• Extended collaboration: Operational links develop organically with trusted partners (such as suppliers), becoming deeper and more synergistic over time.
• Responsiveness and flexibility: Companies can respond instantly to changes in end-user demand; they can shift plans easily and execute those changes promptly.
• Connectivity: Product life-cycle management, supply chain management, and customer information are all integrated seamlessly.
We analyze how advanced a company’s operations ecosystem is in two ways. First, we assess the manufacturing process, emphasizing the degree to which production is automated and transparently connected across the company’s own plants, along with partnering manufacturers, suppliers, and logistics channels. Ideally, all of the ecosystem’s elements are exchanging data continually and acting on it in real time. This approach is so advanced that only 5 percent of the companies we interviewed, including only 33 percent of Digital Champions, had adopted it. Digital Champions score better when it comes to linking their factories with some form of integrated digital connection; almost half of them have done this, whereas most of the companies we interviewed — about two-thirds — have just selectively automated single factories.
The second way to assess operations ecosystem capabilities is by measuring supply chain integration. Digital Champions are well ahead of other companies in this respect. More than 80 percent of Digital Champions have at least near-real-time, end-to-end integrated networks with supply chain partners that offer full collaboration and visibility among the companies involved. This customer-driven supply chain lets participating companies quickly assess the impact of potential changes in demand and resolve any constraints that would hinder a rapid shift in production and distribution schedules. Among the companies surveyed, only 27 percent have reached this high level of digital supply chain mastery.
Technology: Incessant Innovation
Because the customer solutions ecosystem determines the company’s business model, and the operations ecosystem organizes its most complex capabilities, many business strategists seem to feel they have their hands full with just those two clusters. They tend to regard the technology ecosystem as being made up of more routine functions, to be delegated to service bureau–style departments. But that is a mistake. The technology ecosystem consists of activities embedded throughout the organization in every business entity, all linked together. They include established enterprise applications such as resource planning, customer relationship management, financial analytics, and cybersecurity, along with applications tailored to new platforms and revenue streams. Digital Champions gain a back-office performance edge from this ecosystem because they incorporate latest-generation technology: advances in cloud storage and collaboration, data analytics, human–machine interfaces, customer and employee experience, and hardware and software integration.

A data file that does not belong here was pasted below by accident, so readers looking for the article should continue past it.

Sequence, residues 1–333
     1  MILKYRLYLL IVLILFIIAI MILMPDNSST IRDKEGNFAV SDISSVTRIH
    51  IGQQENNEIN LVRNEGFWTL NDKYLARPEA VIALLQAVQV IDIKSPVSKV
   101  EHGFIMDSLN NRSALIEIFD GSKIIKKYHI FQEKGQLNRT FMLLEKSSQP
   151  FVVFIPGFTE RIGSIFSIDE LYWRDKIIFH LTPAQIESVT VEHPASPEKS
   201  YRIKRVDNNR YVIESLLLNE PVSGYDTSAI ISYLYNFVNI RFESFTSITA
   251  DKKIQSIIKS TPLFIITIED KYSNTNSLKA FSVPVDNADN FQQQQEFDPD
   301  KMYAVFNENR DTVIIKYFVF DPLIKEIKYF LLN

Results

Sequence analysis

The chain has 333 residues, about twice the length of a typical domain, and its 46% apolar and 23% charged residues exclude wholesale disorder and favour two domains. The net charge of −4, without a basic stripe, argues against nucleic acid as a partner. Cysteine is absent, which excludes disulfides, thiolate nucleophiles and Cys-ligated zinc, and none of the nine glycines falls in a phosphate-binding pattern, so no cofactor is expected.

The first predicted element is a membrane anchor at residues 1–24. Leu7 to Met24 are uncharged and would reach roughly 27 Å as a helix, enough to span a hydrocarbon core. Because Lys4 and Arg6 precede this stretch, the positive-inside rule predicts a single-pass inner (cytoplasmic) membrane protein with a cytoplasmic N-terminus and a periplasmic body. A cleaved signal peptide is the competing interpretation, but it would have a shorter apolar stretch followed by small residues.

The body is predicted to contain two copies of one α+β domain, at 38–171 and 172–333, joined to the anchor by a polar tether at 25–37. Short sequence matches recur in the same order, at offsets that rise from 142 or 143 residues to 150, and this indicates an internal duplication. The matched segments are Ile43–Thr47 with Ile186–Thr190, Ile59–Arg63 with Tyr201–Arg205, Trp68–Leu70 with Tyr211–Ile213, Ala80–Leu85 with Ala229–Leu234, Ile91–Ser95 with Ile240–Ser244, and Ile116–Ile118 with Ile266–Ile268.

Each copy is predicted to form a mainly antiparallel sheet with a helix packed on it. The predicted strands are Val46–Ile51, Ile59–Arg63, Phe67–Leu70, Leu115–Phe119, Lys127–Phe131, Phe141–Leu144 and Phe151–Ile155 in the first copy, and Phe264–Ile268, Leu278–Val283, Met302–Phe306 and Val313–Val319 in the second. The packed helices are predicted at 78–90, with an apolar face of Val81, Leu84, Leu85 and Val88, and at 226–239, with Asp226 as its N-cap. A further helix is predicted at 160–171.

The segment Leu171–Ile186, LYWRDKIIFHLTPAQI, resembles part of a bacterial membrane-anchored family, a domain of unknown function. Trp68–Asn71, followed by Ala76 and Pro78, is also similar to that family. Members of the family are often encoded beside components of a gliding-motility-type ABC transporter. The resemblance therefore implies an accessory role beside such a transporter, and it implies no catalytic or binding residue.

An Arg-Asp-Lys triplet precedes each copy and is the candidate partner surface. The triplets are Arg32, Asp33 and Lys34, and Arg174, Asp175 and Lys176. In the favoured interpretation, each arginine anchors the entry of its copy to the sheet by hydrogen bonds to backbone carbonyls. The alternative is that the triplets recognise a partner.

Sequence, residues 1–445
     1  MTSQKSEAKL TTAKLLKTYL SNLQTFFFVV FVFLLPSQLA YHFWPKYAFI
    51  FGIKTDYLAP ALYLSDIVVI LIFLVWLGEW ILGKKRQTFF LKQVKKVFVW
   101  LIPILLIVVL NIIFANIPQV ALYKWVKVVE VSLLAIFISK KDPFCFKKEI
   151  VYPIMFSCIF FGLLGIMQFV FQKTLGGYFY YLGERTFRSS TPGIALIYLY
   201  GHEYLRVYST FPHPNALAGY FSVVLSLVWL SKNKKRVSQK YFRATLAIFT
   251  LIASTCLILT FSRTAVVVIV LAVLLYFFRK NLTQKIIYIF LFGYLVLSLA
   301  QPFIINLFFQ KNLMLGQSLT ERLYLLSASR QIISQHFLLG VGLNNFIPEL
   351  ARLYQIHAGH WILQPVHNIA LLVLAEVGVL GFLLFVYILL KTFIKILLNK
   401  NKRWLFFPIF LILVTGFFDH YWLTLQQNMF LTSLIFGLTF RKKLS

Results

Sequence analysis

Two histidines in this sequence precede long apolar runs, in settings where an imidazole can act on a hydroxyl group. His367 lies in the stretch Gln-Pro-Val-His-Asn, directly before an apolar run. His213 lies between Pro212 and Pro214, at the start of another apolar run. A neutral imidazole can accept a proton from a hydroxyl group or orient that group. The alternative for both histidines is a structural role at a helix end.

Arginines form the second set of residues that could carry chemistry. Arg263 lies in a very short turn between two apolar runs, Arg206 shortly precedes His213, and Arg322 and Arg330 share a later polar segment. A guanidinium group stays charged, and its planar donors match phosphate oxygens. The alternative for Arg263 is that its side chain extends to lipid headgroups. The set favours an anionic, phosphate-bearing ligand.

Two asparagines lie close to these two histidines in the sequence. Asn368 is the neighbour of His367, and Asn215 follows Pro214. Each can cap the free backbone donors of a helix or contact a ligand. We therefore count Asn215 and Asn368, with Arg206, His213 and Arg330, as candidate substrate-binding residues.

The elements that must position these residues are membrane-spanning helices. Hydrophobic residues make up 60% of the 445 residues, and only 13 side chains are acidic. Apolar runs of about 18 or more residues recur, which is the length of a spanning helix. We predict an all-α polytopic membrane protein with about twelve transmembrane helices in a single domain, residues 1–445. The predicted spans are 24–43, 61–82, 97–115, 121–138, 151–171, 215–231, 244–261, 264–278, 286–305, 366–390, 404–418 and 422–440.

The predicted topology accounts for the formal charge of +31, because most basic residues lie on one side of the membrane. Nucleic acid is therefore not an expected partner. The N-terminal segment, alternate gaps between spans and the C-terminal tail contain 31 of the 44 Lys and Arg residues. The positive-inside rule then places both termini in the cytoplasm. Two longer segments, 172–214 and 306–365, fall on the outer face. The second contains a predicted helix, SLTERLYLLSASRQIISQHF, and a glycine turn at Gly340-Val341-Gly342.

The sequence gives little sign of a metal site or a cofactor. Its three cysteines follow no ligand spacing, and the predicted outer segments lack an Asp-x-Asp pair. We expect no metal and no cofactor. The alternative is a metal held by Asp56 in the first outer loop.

In designing and implementing this ecosystem, Digital Champions are risk takers with discipline. They insist that their business strategy should determine which technology they adopt, while continually keeping up with digital advances that have the potential to enhance strategy, particularly involving speed, flexibility, customization, and efficiency.